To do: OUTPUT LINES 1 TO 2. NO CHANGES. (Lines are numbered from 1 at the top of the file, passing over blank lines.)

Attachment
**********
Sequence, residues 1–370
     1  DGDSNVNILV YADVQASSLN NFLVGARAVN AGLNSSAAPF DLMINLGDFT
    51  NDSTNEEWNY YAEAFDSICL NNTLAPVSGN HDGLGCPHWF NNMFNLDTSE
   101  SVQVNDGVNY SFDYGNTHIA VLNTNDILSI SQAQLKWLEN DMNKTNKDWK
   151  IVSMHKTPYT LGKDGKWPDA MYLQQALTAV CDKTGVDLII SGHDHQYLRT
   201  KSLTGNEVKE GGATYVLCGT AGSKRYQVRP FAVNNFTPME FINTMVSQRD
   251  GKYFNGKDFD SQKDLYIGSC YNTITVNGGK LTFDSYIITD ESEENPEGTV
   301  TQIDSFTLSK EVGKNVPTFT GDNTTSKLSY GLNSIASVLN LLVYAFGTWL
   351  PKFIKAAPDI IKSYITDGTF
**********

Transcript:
Sequence, residues 1–370
     1  DGDSNVNILV YADVQASSLN NFLVGARAVN AGLNSSAAPF DLMINLGDFT